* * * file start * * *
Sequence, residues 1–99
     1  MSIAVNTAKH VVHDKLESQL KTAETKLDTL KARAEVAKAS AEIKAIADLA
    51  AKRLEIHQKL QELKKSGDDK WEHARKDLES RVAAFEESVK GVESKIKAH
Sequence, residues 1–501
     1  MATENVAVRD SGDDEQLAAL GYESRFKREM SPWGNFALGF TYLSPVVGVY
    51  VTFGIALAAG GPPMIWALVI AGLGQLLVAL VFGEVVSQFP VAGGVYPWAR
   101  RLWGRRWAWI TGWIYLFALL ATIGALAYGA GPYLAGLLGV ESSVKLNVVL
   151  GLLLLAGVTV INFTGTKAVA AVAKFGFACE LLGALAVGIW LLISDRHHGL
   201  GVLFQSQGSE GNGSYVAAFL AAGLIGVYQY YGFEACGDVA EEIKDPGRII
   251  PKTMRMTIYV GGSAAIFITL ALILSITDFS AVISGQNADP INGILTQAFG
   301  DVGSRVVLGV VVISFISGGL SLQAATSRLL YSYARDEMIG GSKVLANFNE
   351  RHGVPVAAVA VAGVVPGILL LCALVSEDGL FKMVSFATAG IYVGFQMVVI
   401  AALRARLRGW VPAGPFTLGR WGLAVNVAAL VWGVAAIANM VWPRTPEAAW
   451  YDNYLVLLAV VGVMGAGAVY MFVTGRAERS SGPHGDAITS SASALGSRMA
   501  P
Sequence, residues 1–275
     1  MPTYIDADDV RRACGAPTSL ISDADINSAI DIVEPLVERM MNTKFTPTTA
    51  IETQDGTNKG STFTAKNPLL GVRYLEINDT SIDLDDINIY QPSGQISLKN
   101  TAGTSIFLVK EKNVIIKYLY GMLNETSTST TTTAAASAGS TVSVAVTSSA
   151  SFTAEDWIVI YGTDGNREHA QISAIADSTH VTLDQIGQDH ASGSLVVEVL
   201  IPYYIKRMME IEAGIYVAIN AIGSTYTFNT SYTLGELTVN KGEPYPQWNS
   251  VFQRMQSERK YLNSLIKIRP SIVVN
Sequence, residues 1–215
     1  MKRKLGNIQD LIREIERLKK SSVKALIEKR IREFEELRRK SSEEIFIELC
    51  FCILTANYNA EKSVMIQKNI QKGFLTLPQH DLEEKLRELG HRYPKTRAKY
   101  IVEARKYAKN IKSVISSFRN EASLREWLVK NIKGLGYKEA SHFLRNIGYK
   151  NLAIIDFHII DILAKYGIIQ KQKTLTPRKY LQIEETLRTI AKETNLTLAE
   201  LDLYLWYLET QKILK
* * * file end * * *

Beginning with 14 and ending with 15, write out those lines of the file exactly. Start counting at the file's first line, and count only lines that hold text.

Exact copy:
   451  YDNYLVLLAV VGVMGAGAVY MFVTGRAERS SGPHGDAITS SASALGSRMA
   501  P